In this instructable I discuss a simple rain gauge that is is essentially made from trash.
This is a wonderful project for any group of people. We, possibly, cannot claim that this would be a substitute for professional instrument but as you will see that it is quite accurate. And at places where there are no weather instruments this will give some reasonable indication of rain fall.
Having said this this instrument has lots of educational value. Children learn to be disciplined observers, take readings and learn about the rainfall at their own location.
Step 1: Understanding How Rain Gauge Works
A rain gauge is an instrument to measure rainfall, which is measured in millimeters. Occasionally the rain fall is also reported in centimeters or in inches.
What the rainfall measure is telling us is the height of rain water collected in a vessel that has vertical walls and has uniform cross section from bottom to the top.
Therefore, in principle any vessel that has a uniform cross section can be used as a rain gauge. All the vessels will collect rain water to the same height 'h' as shown below. For example you can keep an aquarium in open with a scale pasted to it as a rain gauge. However, from an open rain gauge collected water will evaporate quickly when the rain stops affecting the final reading. Also a lot of dirt, like leafs etc. can fall into it.
The rain fall can be measured in different ways. As said above one can simply measure height 'h' of collected water in a vessel of uniform cross section. One can measure volume of collected water and convert this value into rain fall. More sophisticated rain gauges have electronic devices to automatically record rain fall.
Step 2: Volume Measure Method
If we collect rain water by placing a funnel over some vessel then volume V of rain water collected in that vessel would be the volume of a cylinder whose radius is r, height is h,
Then V= pi r2 h ........ (1)
or h = V / pi r2 ....... (2)
(see the next image)
we can easily measure the diameter of the the funnel mouth and get the radius by dividing it by 2. This value is not going to change, value of pi is also constant (you may take is a 3.142). The denominator in the equation is, therefore, a constant. Let us call it dividing constant 'dc'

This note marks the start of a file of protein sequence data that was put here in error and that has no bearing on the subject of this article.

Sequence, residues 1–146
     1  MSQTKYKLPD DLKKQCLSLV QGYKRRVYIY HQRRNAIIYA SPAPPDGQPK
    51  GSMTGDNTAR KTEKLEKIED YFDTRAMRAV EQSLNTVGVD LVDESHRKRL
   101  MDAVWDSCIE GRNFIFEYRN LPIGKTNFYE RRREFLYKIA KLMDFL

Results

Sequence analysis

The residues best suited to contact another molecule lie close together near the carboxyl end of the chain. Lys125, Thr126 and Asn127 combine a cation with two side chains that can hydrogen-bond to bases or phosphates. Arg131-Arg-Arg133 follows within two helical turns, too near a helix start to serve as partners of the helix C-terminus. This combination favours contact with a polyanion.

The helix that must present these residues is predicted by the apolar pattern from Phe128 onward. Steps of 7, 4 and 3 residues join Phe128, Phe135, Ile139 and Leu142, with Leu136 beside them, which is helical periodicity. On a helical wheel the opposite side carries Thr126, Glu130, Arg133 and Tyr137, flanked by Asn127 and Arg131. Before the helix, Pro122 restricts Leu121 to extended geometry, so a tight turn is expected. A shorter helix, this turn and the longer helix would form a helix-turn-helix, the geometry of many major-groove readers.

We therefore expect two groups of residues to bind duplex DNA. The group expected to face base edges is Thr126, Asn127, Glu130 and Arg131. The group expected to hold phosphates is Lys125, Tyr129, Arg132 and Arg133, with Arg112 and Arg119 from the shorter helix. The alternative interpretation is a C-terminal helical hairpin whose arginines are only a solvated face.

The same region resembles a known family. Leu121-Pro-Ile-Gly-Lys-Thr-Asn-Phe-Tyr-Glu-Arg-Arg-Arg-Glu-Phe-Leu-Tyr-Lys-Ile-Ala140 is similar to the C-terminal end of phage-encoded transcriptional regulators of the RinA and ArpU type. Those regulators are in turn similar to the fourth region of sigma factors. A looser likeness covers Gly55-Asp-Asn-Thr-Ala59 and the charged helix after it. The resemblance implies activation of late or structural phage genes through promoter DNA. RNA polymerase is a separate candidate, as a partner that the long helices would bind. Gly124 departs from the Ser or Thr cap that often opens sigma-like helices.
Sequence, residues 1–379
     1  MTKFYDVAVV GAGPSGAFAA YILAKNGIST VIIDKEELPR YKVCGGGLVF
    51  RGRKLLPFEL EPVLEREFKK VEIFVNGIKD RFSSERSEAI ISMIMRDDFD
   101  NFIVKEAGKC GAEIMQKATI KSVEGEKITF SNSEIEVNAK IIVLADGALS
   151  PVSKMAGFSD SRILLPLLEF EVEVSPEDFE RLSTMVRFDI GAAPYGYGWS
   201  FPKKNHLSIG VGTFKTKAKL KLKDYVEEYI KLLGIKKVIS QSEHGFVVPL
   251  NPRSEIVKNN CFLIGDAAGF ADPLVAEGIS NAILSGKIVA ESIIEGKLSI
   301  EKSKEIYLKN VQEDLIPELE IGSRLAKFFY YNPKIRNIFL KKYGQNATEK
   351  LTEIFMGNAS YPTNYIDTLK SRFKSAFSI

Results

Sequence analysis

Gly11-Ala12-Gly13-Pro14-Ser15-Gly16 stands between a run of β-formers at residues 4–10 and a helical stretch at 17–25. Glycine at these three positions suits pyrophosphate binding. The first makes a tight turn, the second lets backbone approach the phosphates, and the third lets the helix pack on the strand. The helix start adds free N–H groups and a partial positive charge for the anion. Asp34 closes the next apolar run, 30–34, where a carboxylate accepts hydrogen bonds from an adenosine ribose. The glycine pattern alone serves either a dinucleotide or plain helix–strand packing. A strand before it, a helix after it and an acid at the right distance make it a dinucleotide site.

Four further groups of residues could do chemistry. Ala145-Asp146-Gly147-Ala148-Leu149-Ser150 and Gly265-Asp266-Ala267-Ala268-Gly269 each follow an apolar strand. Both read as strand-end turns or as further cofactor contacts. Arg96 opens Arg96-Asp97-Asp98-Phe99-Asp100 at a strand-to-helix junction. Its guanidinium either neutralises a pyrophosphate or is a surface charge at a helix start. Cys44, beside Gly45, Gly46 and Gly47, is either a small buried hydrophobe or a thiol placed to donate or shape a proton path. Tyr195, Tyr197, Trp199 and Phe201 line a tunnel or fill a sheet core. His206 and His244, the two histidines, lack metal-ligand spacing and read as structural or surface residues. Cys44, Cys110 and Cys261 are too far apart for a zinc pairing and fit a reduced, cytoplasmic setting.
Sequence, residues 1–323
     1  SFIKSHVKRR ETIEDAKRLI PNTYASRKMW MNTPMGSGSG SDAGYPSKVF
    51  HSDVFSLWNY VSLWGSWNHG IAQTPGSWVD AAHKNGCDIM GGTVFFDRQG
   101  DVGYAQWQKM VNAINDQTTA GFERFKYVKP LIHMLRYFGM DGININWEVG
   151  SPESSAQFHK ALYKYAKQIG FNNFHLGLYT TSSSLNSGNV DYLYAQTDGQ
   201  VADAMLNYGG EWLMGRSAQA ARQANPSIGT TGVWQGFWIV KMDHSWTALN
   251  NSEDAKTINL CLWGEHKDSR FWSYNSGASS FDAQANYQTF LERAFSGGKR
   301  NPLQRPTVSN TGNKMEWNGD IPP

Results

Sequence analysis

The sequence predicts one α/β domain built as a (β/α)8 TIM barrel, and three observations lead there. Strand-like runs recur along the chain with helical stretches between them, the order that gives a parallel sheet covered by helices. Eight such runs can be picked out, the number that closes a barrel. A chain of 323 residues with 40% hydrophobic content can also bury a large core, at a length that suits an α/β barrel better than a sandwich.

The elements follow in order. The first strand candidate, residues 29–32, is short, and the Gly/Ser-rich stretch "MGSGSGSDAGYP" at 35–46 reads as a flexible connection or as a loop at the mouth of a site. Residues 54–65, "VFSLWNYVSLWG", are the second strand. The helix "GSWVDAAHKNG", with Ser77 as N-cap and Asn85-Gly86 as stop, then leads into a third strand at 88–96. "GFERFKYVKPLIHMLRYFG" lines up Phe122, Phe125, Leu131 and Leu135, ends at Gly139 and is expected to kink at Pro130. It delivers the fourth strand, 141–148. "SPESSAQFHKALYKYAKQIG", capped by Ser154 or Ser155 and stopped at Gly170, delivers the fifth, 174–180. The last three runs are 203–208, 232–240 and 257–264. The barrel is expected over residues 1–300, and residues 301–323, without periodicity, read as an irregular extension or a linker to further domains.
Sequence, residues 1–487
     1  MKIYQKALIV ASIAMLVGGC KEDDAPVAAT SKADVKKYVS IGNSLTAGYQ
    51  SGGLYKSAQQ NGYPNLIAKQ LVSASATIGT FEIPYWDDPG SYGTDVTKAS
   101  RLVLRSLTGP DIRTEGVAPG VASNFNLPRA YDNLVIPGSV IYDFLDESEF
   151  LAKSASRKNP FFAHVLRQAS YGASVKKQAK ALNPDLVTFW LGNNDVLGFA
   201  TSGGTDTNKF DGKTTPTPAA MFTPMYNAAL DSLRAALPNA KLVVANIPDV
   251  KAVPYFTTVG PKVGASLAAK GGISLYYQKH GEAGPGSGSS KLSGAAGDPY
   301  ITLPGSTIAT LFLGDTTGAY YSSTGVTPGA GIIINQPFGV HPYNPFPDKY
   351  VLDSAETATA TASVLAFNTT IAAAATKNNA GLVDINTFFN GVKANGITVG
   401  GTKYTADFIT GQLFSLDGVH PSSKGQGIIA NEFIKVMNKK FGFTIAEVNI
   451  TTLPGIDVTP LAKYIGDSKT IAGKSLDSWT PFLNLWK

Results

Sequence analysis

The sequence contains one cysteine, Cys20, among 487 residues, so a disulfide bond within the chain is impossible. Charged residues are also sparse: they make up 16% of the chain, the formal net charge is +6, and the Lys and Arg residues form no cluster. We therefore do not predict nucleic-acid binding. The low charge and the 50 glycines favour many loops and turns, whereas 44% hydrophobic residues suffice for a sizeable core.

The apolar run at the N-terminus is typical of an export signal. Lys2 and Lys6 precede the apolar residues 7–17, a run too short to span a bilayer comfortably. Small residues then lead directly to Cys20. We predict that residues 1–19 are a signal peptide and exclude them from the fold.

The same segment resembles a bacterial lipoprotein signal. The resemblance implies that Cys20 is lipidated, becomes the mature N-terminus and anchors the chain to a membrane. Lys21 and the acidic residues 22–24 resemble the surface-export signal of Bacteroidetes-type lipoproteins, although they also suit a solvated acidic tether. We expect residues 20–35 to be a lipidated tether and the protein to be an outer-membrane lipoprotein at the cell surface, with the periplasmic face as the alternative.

Therefore, all we have to do is to collect rain water using a funnel, measure the volume of of water collected in it and then divide by the constant above to get the rain fall measure.
Step 3: Trap
We must remember to convert the units properly, else we will get very absurd results.
Volume is measured in milliliter and the rain fall is given in millimeter.
1 milliliter (or 1 ml) = 1 cm3 = 1* cm * cm * cm,
this is to be divided by (r cm)2 = r * r * cm* cm
we then have value of h in cm as (measured volume) * cm divided by the constant value.
Multiplying this by 10 gets us value in millimeter or mm
We used a funnel whose diameter is 4.5 inch = 4.5*2.54 cm = 11.43 cm
or radius r = 5.715 cm, giving the value of dividing constant as 102.608 cm
Now if the volume measured is 245 ml
then: h= (243/102.608)cm = 2.368 cm = 23.68 mm or rounding it to 23.7 mm
Step 4: Error Factor
Suppose in the example given in the last step we made a mistake in measuring volume by 1 ml. In our case where diameter of the funnel is 11.43 cm, 1 ml rain water collection would give h = 0.1 mm.
In other words if we make an error of +/- 1 ml in noting the volume of collected rain water our percentage error in reporting rain fall would be +/- 0.4 percent.
On 1st of Juy 2007 we measured volume to be 367 ml. This gives us value of 'h' to be equal to 25.7672 or rounding it to 35.8 mm. Now suppose we read the volume to be 366 or 368 then we would get 'h' to be equal to 35.6697 (~ 35.7) or 35.8646 (~35.9).
(If you are a bit of a mathematically minded you would notice that in the example above the dividing constant is very nearly equal to 100, which tells us that for light rain fall we can directly divide the volume by 100 and we will not be too off the correct reading.)
Step 5: Placement of the Rain Gauge